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Touring the New England states in Late May-Early June

Touring the New England states in Late May-Early June

Old Jan 8th, 2016, 11:58 AM
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Touring the New England states in Late May-Early June

Me, the wife and her 7 y/o daughter, are trying to plan a trip to tour the New England states. My plan, and it may be all wrong for what I want to do, but I've never been to that part of the country and this will be new to all of us. I want to fly in to New York La Guardia, spend a couple days there touring New York City, then rent a car and tour the New England States. I know the wife would like to leisurely tour the states. But I want to make sure I visit all the states of New England. And I want to be able to make it a little exciting for the 7 Y/O. I know that part will be pretty hard, but she is learning about the history of the USA in school now, so thats a plus. If I can get a few tips of what to visit in the New England States that would be great. If starting in New York is all wrong then let me know. I've been looking at a few tours in New York City, but I haven't booked anything. I plan at least a week for the whole trip, but I figured it might take longer than that to get a good tour of the NE states. Any help would be greatly appreciated. Thanks to all
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Old Jan 8th, 2016, 12:45 PM
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This might be a bit easier and perhaps a bit cheaper:
Fly to Boston. See the Freedom Trail in Boston. https://www.thefreedomtrail.org/free...ail/maps.shtml
Rent the car in Boston and see the states you want to see.
Return the car in Boston and then take the train from Boston South station into New York Penn Station (NYP).
Fly home from either New York airport or even Newark (EWR).
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Old Jan 8th, 2016, 01:12 PM
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To include NYC and all the New England states should require more than just a week.
In a week, you could spend a couple of days in NYC, take the train or bus up to Boston (4 1/2 hours) for a couple of days, rent a car for one overnight on the coast of Maine or on Cape Cod,return the car in Boston to avoid hefty one way drop off fees, and train/bus back to NYC.
For a longer trip through all the NE states, you'd have to commit more time.
When you indicate your interests, we may be able to help you plan better.
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Old Jan 8th, 2016, 04:22 PM
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Personally I think it's a crime to come and not see NYC - but if you have only a week you will have trouble seeing even much of New England. I fear you don't understand how large the area is: New England is only slightly smaller than the whole UK. Can you see England, Scotland and Wales in one week?

And to see much of NYC you would have to allow at least 4 nights (3 days) so I don't see how you can fit it in.

I would fly in and out of Boston - which needs at least 2 full days to see much at all. Then rent a car and head out to 2 or at most 3 other overnight stops. (You would need a full 2 weeks just to see NE in a "leisurely" way.)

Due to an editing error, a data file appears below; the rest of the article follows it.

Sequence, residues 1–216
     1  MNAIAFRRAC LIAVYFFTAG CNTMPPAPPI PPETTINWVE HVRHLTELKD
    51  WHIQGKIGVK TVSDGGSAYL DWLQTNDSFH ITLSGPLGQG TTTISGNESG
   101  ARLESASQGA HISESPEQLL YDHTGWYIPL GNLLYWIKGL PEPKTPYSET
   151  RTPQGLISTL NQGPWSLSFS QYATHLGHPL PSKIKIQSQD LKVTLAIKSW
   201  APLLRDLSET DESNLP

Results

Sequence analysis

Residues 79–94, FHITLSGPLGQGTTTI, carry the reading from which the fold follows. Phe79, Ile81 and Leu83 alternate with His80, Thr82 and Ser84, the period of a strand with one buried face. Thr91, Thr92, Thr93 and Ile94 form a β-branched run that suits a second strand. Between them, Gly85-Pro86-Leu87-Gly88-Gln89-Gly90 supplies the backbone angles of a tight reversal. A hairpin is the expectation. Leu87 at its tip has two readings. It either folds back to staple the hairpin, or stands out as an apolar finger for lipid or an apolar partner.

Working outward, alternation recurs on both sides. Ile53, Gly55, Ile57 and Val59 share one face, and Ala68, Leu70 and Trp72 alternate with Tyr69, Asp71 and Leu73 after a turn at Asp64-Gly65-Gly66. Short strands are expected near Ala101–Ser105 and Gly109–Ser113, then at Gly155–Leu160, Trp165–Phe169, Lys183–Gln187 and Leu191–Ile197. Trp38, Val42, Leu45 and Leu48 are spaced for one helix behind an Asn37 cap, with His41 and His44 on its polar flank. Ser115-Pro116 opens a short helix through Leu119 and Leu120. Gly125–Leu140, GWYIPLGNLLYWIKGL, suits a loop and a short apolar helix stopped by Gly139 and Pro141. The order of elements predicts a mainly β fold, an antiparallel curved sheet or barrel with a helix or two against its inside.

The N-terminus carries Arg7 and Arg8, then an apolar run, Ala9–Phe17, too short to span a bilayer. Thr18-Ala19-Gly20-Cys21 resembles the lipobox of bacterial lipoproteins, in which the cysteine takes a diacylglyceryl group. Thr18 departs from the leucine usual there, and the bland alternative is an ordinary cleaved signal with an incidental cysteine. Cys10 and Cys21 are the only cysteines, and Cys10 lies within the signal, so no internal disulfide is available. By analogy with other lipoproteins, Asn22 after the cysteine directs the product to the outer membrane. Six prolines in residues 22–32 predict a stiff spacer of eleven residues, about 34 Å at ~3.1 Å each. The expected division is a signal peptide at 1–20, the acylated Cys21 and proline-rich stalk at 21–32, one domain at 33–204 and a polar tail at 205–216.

From there you can go north to Maine (a lot of outdoors stuff and a very rocky coast), south to Cape Cod and the RI area or west to more of Mass and southern VT and NH.

If you try to get to all of the states, including CT, you will end up spending a very large amount of time in the car versus seeing/doing anything.

Places you might consider are the summer "cottages" of Newport RI - where the wealthy of the 19th century summered in massive mansions along the coast. Or do Plimouth Plantation to get info on the earliest settlers. Cape Cod is great for whale watching (do this on one of your stops - it's amazing can also do this from Boston) but you're kind of early in the year to go in the water. (Remember this is the north atlantic, waters are cold until late Aug/Sept).

You really need to get a good guide book and pick out what YOUR must sees are - then people here can help you string them together in your very limited time.
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Old Jan 8th, 2016, 04:24 PM
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Sorry - note that end of May is a lot of college graduations and Boston has a ton of colleges so hotel space can be scarce/very expensive. Make sure when you go is after the graduations.
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Old Jan 8th, 2016, 08:02 PM
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NYC, Boston, New England are awesome places to visit, but there is a ton to see and do. What do you mean when you say your wife likes leisurely travel? Would she like to sit by a lake? the ocean? a spa? What about the 7 year old? Central Park in Manhattan is great for kids: rock climbing, horse drawn carriages, bike riding, boat rides, playgrounds. Theater and the lights on Broadway are amazing. There are wonderful museums. the Empire State Building, Liberty Tower, Statue of Liberty, Staten Island Ferry (goes right by the Statue) are great. Connecticut has Lake Compounce - the oldest amusement park in the US. Do you like pizza - try Frank Pepe's in New Haven, CT. Boston has duck boats which drive on the streets and then directly into the water - very fun for kids. It is a historic city. Rhode Island has state parks for camping or cabin rental. Maine has a rocky coastline and lobster eating on picturesque harbor picnic tables. New Hampshire and Vermont have mountain hiking and white water rafting. These are just a few of the classic things to do in these states. All require advanced planning and ticket purchases. Let us know more and we can try to help. How much longer than 1 week can you stay? Two weeks would be better.